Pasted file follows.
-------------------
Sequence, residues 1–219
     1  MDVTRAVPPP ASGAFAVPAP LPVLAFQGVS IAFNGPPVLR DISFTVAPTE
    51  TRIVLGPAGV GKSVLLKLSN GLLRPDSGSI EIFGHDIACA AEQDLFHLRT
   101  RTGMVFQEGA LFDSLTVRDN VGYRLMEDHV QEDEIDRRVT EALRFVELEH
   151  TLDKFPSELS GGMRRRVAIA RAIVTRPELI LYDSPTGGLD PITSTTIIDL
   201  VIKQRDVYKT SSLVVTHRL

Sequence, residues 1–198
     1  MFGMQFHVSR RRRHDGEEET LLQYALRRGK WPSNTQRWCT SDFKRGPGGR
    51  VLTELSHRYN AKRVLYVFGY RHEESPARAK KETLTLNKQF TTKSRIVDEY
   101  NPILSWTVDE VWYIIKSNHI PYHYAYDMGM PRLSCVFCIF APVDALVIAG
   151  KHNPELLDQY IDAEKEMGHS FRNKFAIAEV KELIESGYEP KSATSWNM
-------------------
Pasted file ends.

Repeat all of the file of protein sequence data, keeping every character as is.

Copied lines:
Sequence, residues 1–219
     1  MDVTRAVPPP ASGAFAVPAP LPVLAFQGVS IAFNGPPVLR DISFTVAPTE
    51  TRIVLGPAGV GKSVLLKLSN GLLRPDSGSI EIFGHDIACA AEQDLFHLRT
   101  RTGMVFQEGA LFDSLTVRDN VGYRLMEDHV QEDEIDRRVT EALRFVELEH
   151  TLDKFPSELS GGMRRRVAIA RAIVTRPELI LYDSPTGGLD PITSTTIIDL
   201  VIKQRDVYKT SSLVVTHRL

Sequence, residues 1–198
     1  MFGMQFHVSR RRRHDGEEET LLQYALRRGK WPSNTQRWCT SDFKRGPGGR
    51  VLTELSHRYN AKRVLYVFGY RHEESPARAK KETLTLNKQF TTKSRIVDEY
   101  NPILSWTVDE VWYIIKSNHI PYHYAYDMGM PRLSCVFCIF APVDALVIAG
   151  KHNPELLDQY IDAEKEMGHS FRNKFAIAEV KELIESGYEP KSATSWNM